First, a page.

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Biden signs stopgap funding bill, averting government shutdown

Biden signs stopgap funding bill, averting government shutdown

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President Biden has signed a bill to fund the federal government until February

US President Joe Biden has signed into law a temporary measure to fund federal agencies until 18 February, narrowly dodging a costly government shutdown.

Congress approved the stopgap bill on Thursday, hours before a lapse in funding would have forced federal museums and national parks to close.

The bill does not change existing funding levels or policy, but includes $7bn (£5.2bn) for Afghan refugees.

The holiday season scramble has become tradition in recent years.

The vote on the bill in the House of Representatives was overwhelmingly partisan. Just one Republican, Adam Kinzinger of Illinois, joined Democrats to pass the measure 221-212.

There was more cooperation in the Senate, however, with 19 Republicans joining all Democrats to send the legislation to Mr Biden to sign after a 69-28 vote.

Republicans in both chambers had tried to delay passage of the measure over objections to the Biden administration’s Covid-19 vaccination mandates for employees at large companies.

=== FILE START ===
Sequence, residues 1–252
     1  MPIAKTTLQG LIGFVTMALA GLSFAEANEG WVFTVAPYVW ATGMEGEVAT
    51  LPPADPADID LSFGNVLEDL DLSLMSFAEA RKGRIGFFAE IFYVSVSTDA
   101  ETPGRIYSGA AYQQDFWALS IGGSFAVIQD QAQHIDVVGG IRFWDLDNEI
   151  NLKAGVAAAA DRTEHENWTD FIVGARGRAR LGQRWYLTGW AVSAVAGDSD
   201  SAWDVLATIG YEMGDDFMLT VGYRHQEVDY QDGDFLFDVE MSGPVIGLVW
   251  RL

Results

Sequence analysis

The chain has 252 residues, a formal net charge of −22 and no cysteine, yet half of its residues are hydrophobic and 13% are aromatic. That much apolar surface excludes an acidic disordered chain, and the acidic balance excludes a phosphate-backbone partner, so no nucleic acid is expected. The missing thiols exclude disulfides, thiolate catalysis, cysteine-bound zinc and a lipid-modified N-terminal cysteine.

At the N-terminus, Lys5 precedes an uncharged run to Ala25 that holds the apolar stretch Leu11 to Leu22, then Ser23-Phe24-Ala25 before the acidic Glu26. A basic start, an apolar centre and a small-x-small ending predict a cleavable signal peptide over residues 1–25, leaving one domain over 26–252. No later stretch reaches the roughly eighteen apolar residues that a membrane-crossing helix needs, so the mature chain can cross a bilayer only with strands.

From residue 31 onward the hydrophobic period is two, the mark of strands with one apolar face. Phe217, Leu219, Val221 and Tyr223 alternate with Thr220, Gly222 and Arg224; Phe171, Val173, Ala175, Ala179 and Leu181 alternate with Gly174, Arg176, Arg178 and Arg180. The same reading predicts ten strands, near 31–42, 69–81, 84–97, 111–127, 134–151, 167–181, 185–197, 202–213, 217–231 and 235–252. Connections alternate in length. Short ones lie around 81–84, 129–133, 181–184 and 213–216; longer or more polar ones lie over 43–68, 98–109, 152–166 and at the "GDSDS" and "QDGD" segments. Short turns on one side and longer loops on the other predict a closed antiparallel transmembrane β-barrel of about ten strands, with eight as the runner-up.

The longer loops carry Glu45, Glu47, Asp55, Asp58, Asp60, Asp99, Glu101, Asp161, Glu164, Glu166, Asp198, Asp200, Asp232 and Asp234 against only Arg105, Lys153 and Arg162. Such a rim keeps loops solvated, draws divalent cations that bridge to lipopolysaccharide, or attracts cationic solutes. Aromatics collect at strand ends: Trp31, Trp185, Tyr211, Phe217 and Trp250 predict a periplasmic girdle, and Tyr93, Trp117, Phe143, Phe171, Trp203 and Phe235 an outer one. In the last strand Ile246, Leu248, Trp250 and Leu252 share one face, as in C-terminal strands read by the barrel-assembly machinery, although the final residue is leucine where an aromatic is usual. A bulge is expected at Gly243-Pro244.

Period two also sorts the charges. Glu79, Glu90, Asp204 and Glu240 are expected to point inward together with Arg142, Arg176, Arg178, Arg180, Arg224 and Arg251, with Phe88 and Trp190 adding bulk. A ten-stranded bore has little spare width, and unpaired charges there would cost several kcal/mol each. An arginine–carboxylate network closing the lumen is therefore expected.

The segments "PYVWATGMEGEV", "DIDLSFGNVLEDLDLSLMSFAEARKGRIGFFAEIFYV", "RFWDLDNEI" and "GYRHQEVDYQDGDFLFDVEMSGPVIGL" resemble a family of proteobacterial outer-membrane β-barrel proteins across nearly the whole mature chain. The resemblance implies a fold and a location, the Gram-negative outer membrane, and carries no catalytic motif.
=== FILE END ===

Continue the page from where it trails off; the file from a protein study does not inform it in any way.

But their attempt to attach an amendment slashing the enforcement of the vaccine mandate was thwarted by Democrats – the most recent example of the bitter partisanship that divides Capitol Hill.

Failure to pass the measure would have left millions of workers in the public sector unpaid over Christmas and New Year, and museums and parks would be shut.

And US lawmakers still face another pressing deadline: Treasury Secretary Janet Yellen has said that if Congress does not raise the country’s $28.9tn debt ceiling limit soon, the US risks a default.

A default could “eviscerate” the country’s economic recovery, she said

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